Twin Peaks: Fire Walk with Me

Twin Peaks: Fire Walk with Me ★★★★½

Added to: David Lynch Ranked

Of course I also finally had to get ready for the soon-to-come new season of the classic series Twin Peaks and all that I had left to see was the film that succeeded the second season. And honestly... it's good. It's not necessarily deserving of all the booing and the negative reviews but I can very clearly see where they are coming from.

What mostly struck with the film was that it was more atmospheric and much heavier than the series. Much of the goofy comedy is left aside to make place for the tragic story of the last days of Laura Palmer and while this part of the story perfectly fits that typical hardcore surrealist Lynch-style, the main question I have with the substance of the story is: why? Why show this story that we basically knew by heart already? Admitted, the fact it is shown to us now is better than to have it purely imagined from the discussions about it in the series itself, but technically speaking nobody asked to see the other side of the story. But then again, it does heighten the palpability of this small-town universe. Many sequences, mostly the ones in the middle of the film where the sad decline of Palmer's persona is made horribly affecting through a lengthy club-sequence are without a doubt the highlights of the film. It is when we come closest to the horrible fate of the young girl and the reasons as to why it happened (cause the symbolism is truly on point in this film) when Twin Peaks: Fire Walk with Me truly excels the impact of it's, in comparison, more timid series companion.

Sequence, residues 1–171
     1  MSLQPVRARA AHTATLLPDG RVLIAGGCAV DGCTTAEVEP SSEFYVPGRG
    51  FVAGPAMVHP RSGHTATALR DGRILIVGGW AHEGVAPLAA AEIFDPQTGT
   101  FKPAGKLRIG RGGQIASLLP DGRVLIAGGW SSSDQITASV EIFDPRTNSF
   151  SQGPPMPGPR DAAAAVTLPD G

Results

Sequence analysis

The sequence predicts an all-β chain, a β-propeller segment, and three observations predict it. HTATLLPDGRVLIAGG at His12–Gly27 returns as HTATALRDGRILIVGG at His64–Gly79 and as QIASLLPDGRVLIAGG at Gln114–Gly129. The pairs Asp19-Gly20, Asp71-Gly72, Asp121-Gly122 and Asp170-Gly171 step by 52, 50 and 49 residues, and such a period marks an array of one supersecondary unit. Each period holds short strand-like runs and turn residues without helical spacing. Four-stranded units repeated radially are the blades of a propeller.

Nonetheless, it still all fits together perfectly. The vibe of Twin Peaks is coherent throughout and while the existence of this film on its own might be slightly unnecessary, it's still a very worthwhile entry in the filmography of David Lynch.

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